HOW TO WATCH MI­GRA­TION IN AC­TION

Vis­i­ble mi­gra­tion (or vis mig) watch­ing can sound daunt­ing to many bird­watch­ers, but fol­low these 10 tips to en­sure a great haul of species this au­tumn…

Bird Watching (UK) - - Marvels Of Migration - WORDS: MATT MER­RITT

1 Check the records

If you sub­scribe to any bird­ing news ser­vices, or the Twit­ter feeds of lo­cal bird­ing groups, you can get a good idea of which birds are pass­ing through in large num­bers at the time – re­mem­ber that mi­grat­ing birds can move fast, though. But check your own past records, too, or old UKBS re­ports from Bird Watch­ing, as some species mi­grate on pretty much ex­actly the same date each year.

2 Watch the weather

Birds will tend to move in good weather, with east­erly winds bring­ing the best chance of mi­grants from Scan­di­navia and cen­tral and east­ern Europe, and west­er­lies the best chance of transat­lantic va­grants. Strong southerly winds can mean mi­grants pause for sev­eral days on or near the south coast. And at all times, heavy rain can ground mi­grants, some­times for just an hour or two, so take ad­van­tage of the win­dow of op­por­tu­nity!

3 Start early, fin­ish late

First thing in the morn­ing is the best time to look, as birds mi­grat­ing overnight will have sought safe places to feed and roost, but dusk can be a good time, too, as day­time mi­grants do the same, and the night-time mi­grants pre­pare to re­sume their jour­neys. If you can’t do those sort of hours for what­ever rea­son, then use your lunch­break, mi­gra­tion hap­pens through­out the day, too.

4 Let the birds come to you

Stand­ing sil­hou­et­ted against the sky­line can en­sure that any mi­grat­ing birds give you a wide berth, so sit down and stay still. Not only will this give you a stead­ier base, it might even help over­come the shy­ness of some grounded birds and en­sure they come in close. Many ju­ve­nile Arc­tic breed­ers, such as Knot or Ruff, can seem very tame, as they may have seen few if any hu­mans.

5 Choose your spots

A good re­serve is a good re­serve at any time of year, and one which con­tains plenty of dif­fer­ent habi­tats, such as Mins­mere RSPB, will give you a greater chance of log­ging a wide range of species – seawatch­ing in par­tic­u­lar will add a whole new world of birds to your list. But higher ground (even if it’s only a small hillock or bank in oth­er­wise flat coun­try) is al­ways a great place to watch from. It gives you a wider view all around you, and fly­over birds will pass over lower, as mi­grants don’t waste en­ergy main­tain­ing a con­stant al­ti­tude over the land­scape.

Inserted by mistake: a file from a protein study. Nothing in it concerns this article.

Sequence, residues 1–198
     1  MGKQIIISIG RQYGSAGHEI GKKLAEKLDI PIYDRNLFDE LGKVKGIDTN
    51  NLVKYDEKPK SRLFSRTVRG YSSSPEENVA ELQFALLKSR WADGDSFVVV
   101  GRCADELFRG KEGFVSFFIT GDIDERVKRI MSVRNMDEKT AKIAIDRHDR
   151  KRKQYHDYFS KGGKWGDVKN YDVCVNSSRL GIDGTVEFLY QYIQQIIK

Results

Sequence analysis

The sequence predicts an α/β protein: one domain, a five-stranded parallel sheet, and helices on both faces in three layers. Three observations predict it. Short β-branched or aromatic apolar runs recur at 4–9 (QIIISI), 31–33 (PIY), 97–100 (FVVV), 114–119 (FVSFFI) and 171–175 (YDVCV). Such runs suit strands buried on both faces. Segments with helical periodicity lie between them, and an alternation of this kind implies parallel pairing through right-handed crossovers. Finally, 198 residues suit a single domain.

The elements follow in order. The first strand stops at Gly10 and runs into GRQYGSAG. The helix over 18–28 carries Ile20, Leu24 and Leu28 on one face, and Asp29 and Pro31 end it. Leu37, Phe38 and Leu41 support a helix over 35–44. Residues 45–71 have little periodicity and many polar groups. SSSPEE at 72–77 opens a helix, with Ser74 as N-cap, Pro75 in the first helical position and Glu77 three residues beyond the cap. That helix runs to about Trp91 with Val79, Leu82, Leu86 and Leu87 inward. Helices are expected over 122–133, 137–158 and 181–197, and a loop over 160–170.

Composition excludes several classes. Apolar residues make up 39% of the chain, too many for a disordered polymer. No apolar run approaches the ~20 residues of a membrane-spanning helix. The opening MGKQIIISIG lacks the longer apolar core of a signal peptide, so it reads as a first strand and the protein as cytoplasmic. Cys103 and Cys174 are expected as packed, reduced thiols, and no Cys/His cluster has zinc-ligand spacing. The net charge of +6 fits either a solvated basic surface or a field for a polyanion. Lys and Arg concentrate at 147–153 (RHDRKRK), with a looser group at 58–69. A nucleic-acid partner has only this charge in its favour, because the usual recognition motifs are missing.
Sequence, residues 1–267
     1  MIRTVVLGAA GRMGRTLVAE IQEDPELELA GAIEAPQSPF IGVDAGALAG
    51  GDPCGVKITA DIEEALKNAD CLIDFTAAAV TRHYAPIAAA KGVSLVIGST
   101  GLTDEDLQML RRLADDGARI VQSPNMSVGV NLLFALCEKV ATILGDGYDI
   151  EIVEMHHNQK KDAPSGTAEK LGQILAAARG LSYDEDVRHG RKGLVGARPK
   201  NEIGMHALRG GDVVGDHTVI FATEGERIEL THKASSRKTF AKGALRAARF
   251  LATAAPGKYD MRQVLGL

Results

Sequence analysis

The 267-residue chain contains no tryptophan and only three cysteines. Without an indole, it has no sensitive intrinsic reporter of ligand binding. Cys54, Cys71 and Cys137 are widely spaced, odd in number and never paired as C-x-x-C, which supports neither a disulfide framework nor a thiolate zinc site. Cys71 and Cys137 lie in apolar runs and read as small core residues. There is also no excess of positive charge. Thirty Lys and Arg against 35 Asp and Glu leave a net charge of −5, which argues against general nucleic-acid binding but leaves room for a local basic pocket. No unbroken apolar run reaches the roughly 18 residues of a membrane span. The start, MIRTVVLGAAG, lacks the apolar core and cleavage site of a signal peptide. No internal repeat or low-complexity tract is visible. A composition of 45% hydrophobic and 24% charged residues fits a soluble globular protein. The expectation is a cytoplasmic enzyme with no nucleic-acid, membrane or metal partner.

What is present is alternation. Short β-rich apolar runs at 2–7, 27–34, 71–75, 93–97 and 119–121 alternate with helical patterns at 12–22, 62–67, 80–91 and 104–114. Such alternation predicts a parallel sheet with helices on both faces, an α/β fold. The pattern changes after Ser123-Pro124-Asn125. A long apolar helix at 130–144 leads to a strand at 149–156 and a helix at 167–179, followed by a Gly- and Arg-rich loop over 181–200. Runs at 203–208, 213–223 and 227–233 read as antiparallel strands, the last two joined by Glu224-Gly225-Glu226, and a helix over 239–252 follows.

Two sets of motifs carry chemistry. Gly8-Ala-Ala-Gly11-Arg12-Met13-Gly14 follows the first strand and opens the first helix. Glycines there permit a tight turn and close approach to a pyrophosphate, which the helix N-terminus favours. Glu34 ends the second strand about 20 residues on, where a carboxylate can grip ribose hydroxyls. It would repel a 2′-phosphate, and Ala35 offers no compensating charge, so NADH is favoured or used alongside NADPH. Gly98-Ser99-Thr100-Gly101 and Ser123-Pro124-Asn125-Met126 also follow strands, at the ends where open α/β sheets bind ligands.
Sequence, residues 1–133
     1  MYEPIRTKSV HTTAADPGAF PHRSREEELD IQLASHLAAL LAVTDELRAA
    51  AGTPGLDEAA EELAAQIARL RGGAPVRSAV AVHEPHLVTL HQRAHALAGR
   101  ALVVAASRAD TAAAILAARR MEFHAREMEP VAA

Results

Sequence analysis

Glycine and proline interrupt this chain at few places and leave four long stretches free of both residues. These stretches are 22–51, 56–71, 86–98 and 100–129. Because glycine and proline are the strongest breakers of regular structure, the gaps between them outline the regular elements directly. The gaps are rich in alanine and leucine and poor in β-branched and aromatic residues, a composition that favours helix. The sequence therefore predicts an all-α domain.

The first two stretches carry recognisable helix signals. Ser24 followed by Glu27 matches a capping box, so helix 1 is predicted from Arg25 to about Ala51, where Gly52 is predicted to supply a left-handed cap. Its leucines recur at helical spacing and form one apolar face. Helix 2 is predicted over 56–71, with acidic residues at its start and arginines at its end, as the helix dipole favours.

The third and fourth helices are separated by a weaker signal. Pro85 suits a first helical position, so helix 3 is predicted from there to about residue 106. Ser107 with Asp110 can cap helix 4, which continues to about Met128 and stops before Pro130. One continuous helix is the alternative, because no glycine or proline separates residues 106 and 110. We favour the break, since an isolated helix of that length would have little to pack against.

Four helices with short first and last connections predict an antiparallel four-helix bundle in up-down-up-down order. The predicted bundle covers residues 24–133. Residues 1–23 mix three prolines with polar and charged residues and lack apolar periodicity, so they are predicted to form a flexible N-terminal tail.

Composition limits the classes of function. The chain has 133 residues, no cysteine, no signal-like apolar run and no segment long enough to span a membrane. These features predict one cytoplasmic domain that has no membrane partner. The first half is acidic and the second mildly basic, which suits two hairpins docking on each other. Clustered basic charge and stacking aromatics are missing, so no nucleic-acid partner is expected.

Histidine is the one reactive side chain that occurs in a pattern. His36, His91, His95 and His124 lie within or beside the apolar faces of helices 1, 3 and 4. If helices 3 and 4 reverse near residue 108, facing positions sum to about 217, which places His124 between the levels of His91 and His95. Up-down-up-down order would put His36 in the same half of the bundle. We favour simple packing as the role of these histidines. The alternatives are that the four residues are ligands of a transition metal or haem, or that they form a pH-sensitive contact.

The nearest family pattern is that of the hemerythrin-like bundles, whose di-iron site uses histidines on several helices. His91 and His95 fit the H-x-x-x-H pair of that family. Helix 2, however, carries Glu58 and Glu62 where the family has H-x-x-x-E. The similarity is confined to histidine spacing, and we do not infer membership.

6 Be pre­pared

The weather changes fast in au­tumn, and vis-migging in­volves you re­main­ing sta­tion­ary for long pe­ri­ods, so take plenty of warm cloth­ing and wa­ter­proofs. You’ll also need a good field guide, food and drink, per­haps a fold­ing stool, and of course, your trusty copy of Bird Watch­ing mag­a­zine.

7 Learn your flight calls

From the ‘chisit’ of Pied Wag­tails, to the mourn­ful ‘peeooo’ of the Golden Plover, these are of­ten the first in­di­ca­tion that mi­grants are about, es­pe­cially in those early morn­ing au­tumn mists – swot up on them be­fore leav­ing home, and you’ll find twice as many birds. And don’t be daunted by the prospect by the prospect of learn­ing flight calls – it’s far eas­ier to pick up than bird song, which is a dif­fer­ent skill al­to­gether!

8 Get the right op­tics

A scope is of­ten a must for vis-migging – many of the birds you see will be dis­tant fly-bys, while you’ll also want to be able to pick out de­tail on grounded birds, to sep­a­rate that elu­sive Pec­toral Sand­piper from a Ruff, for ex­am­ple. Where binoc­u­lars are con­cerned, don’t as­sume ex­tra mag­ni­fi­ca­tion is nec­es­sary, though – your stan­dard 8x bins may well be the best bet, as they also of­fer a good field of view.

9 Look up!

Our own David Lindo is right – don’t get so en­grossed in what’s in front of you that you for­get that many mi­grants pass over qui­etly and quickly. Watch the skies closely for soar­ing rap­tors, such as Honey Buz­zard.

10 Ex­pect the un­ex­pected

Al­ways re­mem­ber that a field guide is just that – a guide. Dis­tri­bu­tion maps and the ar­rows show­ing mi­gra­tion routes are only ap­prox­i­mate, and both bad weather and in­ex­pe­ri­ence or mis­takes on the part of the birds can push mi­grants into ar­eas where they ‘shouldn’t’ be. And that’s what makes mi­gra­tion watch­ing so end­lessly fas­ci­nat­ing.

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